Some major news in China in the past week include the easing of the one-child policy for urban couples, and the country’s response to the aftermath of the devastating typhoon that hit the Philippines.
Typhoon Haiyan hit the Philippines, leveling towns and leaving at least 3,000 dead. Major countries and the EU offered help immediately in the form of money, supplies and personnel. However China’s initial offer was a paltry $200,000, in comparison to several millions offered by the likes of US and Japan. This aroused some anger and ridicule around the world, but China later upped its aid to a much more respectable $1.6 million in supplies as well as personnel and even its hospital ship. However even this has not satisfied some observers, since it is still less than what countries like the US are offering. It seems that some media outlets and commentators have become a bit overzealous in their China criticisms, to the point where they appear to be focusing more on China’s response rather than the actual tragedy and relief efforts in the Philippines, keeping up a running tally of China’s aid offer whilst not explaining much about factors such as how China is still a developing country with a low GDP per capita (in other words, despite having the world’s second biggest economy it’s still a poor nation) and that its military, naval and overseas emergency response capabilities and responses are far smaller compared to the US and other developed nations like the UK. At times, I wondered what’s the real story – that one of the strongest typhoons in history hit the Philippines and the rescue and relief efforts, or simply China?
The Financial Times has a reasonable article, which does talk about China’s limitations in terms of hardware, training and resources. Meanwhile within China, many people don’t seem to be too displeased with the government with its aid, even the initial offer, and I’m not sure that all this negative coverage from Western media isn’t actually beneficial for the Chinese government. Don’t get me wrong, there are a number of issues to criticize the country and its rulers for, but to constantly find fault on seemingly everything, such as the subsequent aid offer from China to the Philippines, detracts from the more substantial issues.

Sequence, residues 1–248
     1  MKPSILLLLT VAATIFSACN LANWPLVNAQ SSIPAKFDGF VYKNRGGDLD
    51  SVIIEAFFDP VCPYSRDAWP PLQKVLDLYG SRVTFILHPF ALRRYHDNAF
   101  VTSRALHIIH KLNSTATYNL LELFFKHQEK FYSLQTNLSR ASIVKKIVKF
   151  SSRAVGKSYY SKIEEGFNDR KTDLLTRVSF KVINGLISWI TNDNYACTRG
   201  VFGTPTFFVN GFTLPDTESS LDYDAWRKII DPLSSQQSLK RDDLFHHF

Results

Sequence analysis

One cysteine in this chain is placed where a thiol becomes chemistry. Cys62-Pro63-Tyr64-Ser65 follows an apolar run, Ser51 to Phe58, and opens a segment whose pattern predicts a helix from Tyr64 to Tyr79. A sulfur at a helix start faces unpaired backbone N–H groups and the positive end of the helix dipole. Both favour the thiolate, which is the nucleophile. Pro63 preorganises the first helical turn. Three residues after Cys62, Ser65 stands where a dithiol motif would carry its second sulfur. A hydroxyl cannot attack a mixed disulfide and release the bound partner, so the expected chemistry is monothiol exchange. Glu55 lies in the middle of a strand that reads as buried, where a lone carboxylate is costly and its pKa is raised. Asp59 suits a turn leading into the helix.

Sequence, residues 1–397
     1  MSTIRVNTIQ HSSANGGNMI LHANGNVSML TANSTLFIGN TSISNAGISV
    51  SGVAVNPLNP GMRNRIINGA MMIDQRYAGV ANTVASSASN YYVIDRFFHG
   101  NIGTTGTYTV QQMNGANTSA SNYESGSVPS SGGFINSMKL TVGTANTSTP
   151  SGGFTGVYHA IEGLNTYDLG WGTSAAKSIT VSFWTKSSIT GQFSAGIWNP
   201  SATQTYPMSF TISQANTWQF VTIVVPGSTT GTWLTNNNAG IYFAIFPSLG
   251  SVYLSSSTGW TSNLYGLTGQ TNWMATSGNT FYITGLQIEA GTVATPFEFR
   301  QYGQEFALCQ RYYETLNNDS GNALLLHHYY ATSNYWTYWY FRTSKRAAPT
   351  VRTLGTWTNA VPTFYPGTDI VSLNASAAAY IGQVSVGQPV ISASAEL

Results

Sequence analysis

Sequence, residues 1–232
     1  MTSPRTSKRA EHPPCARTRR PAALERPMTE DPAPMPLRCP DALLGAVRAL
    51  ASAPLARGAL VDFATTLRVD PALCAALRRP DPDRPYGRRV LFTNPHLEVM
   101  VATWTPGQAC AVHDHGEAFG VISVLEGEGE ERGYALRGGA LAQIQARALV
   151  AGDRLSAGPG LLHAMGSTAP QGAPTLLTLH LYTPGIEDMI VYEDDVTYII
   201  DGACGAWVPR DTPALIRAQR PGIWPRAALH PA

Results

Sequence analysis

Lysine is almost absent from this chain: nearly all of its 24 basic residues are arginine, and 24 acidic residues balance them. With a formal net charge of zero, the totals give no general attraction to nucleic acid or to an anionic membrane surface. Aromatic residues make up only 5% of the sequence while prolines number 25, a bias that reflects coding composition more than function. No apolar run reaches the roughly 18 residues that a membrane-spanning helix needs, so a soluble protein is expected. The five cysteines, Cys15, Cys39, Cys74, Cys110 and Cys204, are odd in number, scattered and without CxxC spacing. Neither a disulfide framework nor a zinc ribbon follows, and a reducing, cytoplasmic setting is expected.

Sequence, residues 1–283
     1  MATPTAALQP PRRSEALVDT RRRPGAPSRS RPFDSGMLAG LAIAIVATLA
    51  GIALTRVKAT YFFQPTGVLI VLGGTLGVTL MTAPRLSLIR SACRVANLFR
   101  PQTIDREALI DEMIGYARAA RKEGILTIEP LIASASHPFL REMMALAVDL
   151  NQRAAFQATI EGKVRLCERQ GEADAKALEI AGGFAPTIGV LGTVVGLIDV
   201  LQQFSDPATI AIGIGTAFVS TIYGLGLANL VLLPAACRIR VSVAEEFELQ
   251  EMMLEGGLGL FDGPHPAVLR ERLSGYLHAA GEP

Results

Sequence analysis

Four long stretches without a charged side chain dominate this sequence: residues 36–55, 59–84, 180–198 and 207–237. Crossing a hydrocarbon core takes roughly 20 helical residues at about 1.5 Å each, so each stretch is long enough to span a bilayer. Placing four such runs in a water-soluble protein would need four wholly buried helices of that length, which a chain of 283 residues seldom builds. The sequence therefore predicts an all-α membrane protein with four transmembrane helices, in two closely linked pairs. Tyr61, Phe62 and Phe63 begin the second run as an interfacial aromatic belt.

The one-child policy is widely known but it’s not as simple as it sounds. Rural couples and ethnic minorities can have more than one child, with the latter possibly having no limits at all. Meanwhile urban couples in many cities are able to have a second child if both parents were single children, that is they have no siblings. This latter stipulation has been relaxed, rather than the general rule, so that urban couples can now legally have two children if only one parent was a single child. However, there might not be a baby boom due to factors like the high cost of living in cities, though one would think that baby product companies must have been salivating at the thought.